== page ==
Canadian court faults claim by Lagos judge’s daughter on domestic violence

Following the allegations of domestic violence and threat to her life, the Canadian Court of Justice has faulted claims by Ms. Olubukola Ajayi, ordering her to return three children in her custody to their father in Nigeria and consequently dismissed her case.

Bukola, born to Mr. Tunde Ipaye and a senior Lagos State judge, Mrs. Oluwatoyin Ipaye, who in November last year absconded from the country with the three children, had sought the court’s intervention in a case of illegally withdrawing the children from their habitual resident.
But the court could not find merits in her case. Hence, the matter was dismissed.

Olubukola, the applicant, had married Eyitope Ajayi, the respondent, in Nigeria in 2006 and the union produced three children. The relationship had gone on well until 2021, when the wife told her husband about her new identity of belonging to a society of lesbian, gay, bisexual, transgender, and questioning (LGBTQA+).

This was few days after her return from Canada where she had gone to give birth to their third baby. She also told her hubby of her intention to separate from him.

Unknown to her husband, she had perfected plans to relocate with the children to Canada. Few days after, she absconded with the children and the search for her began. It was first a case of missing persons, which was registered at least at three police stations in Nigeria.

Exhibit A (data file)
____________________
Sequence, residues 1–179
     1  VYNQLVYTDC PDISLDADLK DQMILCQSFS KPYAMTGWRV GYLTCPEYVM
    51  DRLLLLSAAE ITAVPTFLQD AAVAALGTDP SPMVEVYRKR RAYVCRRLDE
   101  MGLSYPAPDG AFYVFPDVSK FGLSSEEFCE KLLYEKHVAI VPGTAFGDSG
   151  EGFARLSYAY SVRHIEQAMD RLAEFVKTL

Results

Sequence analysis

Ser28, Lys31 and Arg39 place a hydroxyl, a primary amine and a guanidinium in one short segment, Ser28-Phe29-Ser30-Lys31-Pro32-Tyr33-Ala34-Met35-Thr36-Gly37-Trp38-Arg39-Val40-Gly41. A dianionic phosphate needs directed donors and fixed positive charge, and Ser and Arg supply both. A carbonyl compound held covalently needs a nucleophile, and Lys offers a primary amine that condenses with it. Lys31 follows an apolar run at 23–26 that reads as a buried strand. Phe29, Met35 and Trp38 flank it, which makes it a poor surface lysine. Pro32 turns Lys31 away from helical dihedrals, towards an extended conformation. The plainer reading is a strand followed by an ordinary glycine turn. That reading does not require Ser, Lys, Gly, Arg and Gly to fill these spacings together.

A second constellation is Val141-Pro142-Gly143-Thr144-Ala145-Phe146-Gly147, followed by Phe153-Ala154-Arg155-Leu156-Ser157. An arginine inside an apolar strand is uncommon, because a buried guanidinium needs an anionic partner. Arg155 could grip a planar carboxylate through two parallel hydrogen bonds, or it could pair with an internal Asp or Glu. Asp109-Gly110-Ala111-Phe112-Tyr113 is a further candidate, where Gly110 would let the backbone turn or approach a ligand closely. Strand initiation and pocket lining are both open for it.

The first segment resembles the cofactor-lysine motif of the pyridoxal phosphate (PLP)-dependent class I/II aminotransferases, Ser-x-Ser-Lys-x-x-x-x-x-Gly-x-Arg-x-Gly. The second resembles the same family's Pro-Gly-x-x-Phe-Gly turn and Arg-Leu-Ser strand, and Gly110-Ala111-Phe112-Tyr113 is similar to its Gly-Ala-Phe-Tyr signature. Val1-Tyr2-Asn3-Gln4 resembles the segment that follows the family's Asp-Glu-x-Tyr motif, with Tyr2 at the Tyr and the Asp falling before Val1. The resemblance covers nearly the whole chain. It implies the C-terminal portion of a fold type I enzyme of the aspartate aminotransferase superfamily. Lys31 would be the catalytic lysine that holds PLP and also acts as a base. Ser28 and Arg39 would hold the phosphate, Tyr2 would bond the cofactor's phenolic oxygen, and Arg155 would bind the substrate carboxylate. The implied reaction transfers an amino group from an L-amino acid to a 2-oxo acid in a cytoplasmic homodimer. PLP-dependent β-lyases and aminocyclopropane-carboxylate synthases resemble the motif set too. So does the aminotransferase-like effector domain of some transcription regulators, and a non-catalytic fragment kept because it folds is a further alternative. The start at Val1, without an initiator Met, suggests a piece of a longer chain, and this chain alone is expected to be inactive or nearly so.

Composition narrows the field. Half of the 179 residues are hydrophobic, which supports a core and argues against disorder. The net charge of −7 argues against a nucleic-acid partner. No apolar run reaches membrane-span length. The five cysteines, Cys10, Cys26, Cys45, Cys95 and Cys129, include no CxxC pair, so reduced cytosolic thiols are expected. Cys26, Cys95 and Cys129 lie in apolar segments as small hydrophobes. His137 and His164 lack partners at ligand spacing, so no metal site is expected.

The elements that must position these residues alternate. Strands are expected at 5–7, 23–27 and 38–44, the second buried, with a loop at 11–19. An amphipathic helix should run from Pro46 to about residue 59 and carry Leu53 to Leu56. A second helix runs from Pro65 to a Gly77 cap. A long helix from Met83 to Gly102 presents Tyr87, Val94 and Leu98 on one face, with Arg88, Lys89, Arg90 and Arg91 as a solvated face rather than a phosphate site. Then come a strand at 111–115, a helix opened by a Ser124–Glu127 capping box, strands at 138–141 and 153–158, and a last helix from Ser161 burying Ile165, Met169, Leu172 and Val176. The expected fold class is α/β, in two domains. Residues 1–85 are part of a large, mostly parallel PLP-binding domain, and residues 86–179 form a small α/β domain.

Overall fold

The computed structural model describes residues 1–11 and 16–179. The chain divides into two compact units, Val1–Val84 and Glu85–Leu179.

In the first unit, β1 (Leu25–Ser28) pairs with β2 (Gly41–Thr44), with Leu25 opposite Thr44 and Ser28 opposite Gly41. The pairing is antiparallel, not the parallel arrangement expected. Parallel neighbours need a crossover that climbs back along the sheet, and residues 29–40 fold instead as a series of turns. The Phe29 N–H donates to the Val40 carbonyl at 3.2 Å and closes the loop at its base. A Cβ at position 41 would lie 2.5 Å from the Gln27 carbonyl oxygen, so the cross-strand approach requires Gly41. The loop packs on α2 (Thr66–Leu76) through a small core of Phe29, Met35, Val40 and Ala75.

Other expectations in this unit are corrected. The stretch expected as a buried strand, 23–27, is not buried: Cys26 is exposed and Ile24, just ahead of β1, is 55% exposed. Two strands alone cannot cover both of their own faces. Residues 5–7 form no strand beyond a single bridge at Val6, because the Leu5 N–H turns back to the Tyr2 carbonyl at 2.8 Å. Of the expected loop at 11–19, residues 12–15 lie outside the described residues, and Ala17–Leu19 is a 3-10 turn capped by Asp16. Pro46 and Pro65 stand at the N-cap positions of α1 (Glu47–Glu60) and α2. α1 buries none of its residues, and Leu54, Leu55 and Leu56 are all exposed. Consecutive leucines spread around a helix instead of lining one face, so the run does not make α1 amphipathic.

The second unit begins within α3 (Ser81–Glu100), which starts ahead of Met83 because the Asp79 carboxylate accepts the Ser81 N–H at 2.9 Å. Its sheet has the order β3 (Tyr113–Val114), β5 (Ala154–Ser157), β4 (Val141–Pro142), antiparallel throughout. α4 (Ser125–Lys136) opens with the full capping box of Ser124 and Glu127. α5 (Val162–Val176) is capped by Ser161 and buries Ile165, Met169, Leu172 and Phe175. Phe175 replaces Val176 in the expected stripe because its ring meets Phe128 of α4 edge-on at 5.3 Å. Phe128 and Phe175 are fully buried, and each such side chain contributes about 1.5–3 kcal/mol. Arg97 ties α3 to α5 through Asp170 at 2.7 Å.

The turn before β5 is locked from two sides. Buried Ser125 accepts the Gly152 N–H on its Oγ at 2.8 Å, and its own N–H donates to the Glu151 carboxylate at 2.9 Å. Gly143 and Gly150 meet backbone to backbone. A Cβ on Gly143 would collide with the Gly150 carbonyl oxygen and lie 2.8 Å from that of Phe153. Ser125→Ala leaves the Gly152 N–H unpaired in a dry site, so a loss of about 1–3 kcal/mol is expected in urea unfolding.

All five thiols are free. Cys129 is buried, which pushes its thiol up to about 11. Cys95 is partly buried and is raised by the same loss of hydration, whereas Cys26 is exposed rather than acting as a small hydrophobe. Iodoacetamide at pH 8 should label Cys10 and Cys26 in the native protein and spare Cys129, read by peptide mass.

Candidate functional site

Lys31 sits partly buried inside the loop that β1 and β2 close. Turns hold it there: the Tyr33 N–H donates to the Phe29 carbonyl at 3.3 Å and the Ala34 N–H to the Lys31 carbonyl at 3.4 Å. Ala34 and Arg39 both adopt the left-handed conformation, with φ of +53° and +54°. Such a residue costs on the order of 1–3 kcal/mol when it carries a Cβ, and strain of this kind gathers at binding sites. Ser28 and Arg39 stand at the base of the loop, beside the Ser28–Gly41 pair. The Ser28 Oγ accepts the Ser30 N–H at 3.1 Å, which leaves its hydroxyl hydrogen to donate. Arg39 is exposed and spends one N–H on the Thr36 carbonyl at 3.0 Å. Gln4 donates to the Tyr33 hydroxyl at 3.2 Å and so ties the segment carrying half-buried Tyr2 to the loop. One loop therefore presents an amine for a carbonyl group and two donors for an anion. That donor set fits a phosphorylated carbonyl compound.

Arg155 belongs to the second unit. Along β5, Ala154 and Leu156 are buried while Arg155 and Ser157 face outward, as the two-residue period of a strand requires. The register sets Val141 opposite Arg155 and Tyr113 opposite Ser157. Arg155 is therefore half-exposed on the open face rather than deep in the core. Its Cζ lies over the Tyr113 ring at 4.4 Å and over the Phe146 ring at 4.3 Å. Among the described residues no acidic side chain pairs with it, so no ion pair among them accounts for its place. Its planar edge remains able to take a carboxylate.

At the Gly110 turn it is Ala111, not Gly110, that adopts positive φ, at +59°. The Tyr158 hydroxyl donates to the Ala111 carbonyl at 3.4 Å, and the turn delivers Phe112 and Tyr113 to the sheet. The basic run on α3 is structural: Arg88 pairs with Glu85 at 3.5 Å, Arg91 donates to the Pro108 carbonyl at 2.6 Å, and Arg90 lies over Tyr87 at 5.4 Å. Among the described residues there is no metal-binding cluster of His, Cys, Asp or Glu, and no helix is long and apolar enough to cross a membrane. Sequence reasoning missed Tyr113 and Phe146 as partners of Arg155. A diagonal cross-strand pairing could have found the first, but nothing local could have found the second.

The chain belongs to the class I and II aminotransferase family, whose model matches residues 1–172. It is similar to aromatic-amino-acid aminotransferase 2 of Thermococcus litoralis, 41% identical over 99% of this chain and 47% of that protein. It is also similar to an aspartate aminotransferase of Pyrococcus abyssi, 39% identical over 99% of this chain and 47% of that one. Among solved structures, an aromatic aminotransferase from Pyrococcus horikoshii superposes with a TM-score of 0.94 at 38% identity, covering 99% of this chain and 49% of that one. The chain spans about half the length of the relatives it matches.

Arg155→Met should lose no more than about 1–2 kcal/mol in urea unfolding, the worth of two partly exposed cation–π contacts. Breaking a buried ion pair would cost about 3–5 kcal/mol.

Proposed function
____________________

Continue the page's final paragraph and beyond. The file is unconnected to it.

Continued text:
Her parents were also contacted but they denied knowledge of her whereabouts, though it was reported by one of the domestic staffs at the police stations that her mother’s driver, Justice Oluwatoyin Ipaye, had brought documents in an envelope prior to her abscondment.

Mr. Ajayi made frantic efforts to locate her to no avail. He later received a terse mail from his estranged wife to the effect that she’s done with the marriage. At this point, the husband realized that she had absconded to Canada. Consequently, Mr. Ajayi had no option than to institute a divorce proceeding in Nigeria.

Upon Ms. Ajayi arrival in Canada, she instituted a court case seeking custody of the three children, alleging deliberate denial of access to them, threat to her life and that of the children if the court ordered their return to Nigeria. Ms. Ajayi also alleged domestic violence against her husband.

But while the case lasted, it was discovered that she had long ago registered the three children as fatherless at different times of their births. This came to the fore following the sighting of their birth certificates in Canadian court.

On the allegation of denying her access to the children, the court noted multiple unanswered emails from Mr. Ajayi to Mrs. Ajayi even after the disappearance of the children and said those emails confirmed that Mr. Ajayi expressed his intention to dissolve their marriage while he and his estranged wife remain involved in the lives of the children.

According to the court, Mr. Ajayi wants his estranged wife to have as much parenting time with the children as their best interest warrants